BALTIMORE The first game of the 2004 baseball season on American soil features the debut of two managers, the unveiling of the Baltimore Orioles' overhauled lineup and the start of another quest by the Boston Red Sox to win the World Series.
All this is meaningful, yet the most intriguing aspect of Sunday night's opener is the anticipation surrounding the performance of a veteran pitcher who is no stranger to such fanfare: Red Sox ace Pedro Martinez.
When Martinez last pitched in a game that counted, he yielded a tying, two-run double to Jorge Posada in the eighth inning of Game 7 of the AL championship series last Oct. 16 against the New York Yankees.
New York won 6-5 in the 11th. Boston manager Grady Little's decision to leave Martinez in the game probably cost him his job, and now it's up to Terry Francona to decide how best to use Martinez.
That will depend on the pitcher's health and his effectiveness. Some say Martinez has lost velocity on his fastball he had a 6.75 ERA in five spring training starts but he insists that things will be different now that the games count.
''I'm fine,'' Martinez said after his last exhibition start, a three-inning struggle against Toronto. ''I got my pitches in. It's spring training. The results don't matter.''
When it mattered last year, Martinez was excellent. He went 14-4 with a 2.22 ERA and 206 strikeouts while limiting opposing hitters to a league-low .215 average.
This year, he heads a staff improved by the addition of Curt Schilling and closer Keith Foulke. If Martinez holds up his end, the Red Sox should at least challenge the Yankees, who opened the season Tuesday in Tokyo with a two-game series against the Tampa Bay Devil Rays.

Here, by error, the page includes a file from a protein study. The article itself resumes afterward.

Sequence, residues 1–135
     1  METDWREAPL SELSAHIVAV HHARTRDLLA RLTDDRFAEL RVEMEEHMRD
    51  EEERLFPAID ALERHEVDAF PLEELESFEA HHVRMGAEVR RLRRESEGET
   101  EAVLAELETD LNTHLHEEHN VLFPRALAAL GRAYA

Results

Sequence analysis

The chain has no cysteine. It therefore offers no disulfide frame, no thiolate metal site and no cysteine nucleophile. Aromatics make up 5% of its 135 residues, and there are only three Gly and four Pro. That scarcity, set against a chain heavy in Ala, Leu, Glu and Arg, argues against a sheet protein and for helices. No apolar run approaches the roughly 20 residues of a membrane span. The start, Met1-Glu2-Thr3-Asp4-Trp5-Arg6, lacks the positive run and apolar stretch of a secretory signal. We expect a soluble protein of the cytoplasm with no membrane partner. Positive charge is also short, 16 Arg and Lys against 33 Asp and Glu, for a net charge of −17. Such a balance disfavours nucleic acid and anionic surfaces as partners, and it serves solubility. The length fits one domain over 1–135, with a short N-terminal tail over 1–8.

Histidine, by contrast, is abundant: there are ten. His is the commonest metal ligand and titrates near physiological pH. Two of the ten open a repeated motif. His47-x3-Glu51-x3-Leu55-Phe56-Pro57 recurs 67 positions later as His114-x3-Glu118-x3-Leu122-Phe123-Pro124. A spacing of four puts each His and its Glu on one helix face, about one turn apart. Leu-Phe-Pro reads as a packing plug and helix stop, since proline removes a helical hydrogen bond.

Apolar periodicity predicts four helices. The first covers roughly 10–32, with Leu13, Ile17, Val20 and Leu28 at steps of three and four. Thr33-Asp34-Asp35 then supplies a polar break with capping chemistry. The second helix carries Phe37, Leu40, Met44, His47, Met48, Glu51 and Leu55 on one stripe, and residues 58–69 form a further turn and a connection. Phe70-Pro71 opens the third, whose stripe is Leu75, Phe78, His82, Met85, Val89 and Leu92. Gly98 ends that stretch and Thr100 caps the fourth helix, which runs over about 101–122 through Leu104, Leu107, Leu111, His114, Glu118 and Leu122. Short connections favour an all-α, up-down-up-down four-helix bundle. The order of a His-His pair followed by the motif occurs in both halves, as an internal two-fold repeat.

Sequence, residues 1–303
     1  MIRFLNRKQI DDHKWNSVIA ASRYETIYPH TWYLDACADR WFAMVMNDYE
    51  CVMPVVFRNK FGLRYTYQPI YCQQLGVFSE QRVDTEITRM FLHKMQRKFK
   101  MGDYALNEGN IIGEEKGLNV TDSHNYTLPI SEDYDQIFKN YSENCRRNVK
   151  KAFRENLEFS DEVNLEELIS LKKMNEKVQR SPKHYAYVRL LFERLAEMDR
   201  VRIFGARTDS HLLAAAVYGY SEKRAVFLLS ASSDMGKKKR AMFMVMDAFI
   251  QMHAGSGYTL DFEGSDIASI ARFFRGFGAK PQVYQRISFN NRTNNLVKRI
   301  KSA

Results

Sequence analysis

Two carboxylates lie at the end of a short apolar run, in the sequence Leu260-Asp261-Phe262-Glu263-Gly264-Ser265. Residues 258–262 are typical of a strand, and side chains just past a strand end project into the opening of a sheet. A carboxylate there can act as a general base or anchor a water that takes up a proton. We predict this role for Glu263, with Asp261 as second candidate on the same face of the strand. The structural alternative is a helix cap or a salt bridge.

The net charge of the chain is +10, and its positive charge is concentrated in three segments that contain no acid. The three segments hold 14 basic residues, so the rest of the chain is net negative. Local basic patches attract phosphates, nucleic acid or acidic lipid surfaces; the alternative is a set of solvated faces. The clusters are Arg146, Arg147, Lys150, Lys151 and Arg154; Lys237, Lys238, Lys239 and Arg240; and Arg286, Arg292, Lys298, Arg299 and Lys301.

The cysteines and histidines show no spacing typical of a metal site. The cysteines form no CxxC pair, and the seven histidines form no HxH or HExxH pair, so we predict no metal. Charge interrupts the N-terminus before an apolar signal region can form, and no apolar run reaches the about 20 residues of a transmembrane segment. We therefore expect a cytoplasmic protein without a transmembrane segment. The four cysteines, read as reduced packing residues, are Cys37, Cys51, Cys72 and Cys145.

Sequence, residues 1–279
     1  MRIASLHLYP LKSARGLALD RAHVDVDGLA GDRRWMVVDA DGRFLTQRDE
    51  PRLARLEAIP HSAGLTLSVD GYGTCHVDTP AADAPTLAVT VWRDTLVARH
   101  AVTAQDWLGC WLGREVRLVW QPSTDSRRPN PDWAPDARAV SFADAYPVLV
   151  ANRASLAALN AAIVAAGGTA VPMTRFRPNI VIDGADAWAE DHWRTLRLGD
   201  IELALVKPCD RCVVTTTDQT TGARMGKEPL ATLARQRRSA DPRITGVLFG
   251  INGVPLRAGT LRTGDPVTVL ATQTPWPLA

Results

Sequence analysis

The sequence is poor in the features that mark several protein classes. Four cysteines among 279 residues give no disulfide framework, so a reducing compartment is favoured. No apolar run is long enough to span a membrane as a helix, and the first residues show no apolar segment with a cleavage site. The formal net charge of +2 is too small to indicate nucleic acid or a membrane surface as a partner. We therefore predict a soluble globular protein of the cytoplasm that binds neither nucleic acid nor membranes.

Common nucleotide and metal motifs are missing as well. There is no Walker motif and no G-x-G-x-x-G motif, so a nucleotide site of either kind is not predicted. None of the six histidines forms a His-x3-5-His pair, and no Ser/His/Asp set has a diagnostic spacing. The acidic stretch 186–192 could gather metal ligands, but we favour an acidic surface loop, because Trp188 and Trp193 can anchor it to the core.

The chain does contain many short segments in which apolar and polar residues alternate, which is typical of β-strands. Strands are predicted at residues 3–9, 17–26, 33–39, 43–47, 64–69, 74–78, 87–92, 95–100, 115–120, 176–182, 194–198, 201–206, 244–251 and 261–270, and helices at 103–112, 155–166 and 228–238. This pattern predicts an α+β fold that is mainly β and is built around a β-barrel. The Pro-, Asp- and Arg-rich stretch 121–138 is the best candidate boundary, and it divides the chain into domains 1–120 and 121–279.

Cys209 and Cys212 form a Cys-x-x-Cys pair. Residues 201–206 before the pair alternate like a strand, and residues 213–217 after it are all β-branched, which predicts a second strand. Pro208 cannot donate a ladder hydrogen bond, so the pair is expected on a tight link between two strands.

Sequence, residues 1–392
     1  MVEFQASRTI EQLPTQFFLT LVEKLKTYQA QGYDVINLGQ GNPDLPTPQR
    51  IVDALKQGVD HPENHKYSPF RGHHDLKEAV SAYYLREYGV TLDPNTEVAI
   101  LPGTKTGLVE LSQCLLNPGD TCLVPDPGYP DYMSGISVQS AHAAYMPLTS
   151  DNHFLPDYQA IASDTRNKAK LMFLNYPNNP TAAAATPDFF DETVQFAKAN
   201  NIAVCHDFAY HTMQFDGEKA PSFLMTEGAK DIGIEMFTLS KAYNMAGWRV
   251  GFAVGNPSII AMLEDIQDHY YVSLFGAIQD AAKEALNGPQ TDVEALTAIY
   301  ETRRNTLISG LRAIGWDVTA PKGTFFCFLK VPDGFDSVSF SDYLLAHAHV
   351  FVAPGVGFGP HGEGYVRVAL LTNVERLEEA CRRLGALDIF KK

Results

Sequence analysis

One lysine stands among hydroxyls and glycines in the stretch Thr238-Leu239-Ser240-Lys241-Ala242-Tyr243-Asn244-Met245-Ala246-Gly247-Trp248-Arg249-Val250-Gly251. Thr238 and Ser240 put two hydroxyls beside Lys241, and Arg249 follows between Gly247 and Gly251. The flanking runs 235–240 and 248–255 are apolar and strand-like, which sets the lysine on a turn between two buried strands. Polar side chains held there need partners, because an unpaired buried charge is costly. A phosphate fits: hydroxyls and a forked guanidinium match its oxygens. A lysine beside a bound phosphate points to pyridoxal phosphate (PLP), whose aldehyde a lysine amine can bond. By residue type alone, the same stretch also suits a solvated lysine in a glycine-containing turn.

The Orioles hope to test Martinez with an improved batting order that features Miguel Tejada, Rafael Palmeiro and Javy Lopez in the 3-4-5 spots. The game will also mark the debut of rookie manager Lee Mazzilli and the first opening day start for Sidney Ponson, the new staff ace.
Ponson won't have to face Boston shortstop Nomar Garciaparra or right fielder Trot Nixon, both of whom are injured, but the right-hander knows this won't be an easy assignment.
''They brought most of the same guys back and they were the best-hitting team in the big leagues last year,'' Ponson said. ''Everybody has a weakness, but if you make mistakes with that team, they're going to kill you.''
The Orioles have the punch to make up a reasonable deficit, but there is little margin for error when Martinez is on the mound for the Red Sox.
''I'm not facing Pedro; I'm facing Boston,'' Ponson said. ''I've pitched against Pedro before; he beat me a couple times and I beat him a couple times. He's the best pitcher in the league, but he's beatable.''
A subplot to the game involves Mazzilli and Francona, both of whom interviewed for the Orioles' opening after Baltimore fired Mike Hargrove. Mazzilli got the job, leaving Francona free to interview as Little's replacement.
Francona went 285-363 from 1997-00 as manager of the Philadelphia Phillies.
''There was no pitching. Schilling had been traded, and there just wasn't much of a bullpen there,'' Francona said. ''Those things got addressed the year after I left.''
Much to Francona's delight, the Red Sox got Schilling and improved their bullpen during the offseason. Boston also added Pokey Reese and Ellis Burks to an already formidable lineup.
Now it's up to Martinez to get Boston started as it tries to win the World Series for the first time since 1918.
''He's been the best in the game forever,'' Red Sox catcher Jason Varitek said, ''and I don't expect him not to be.''
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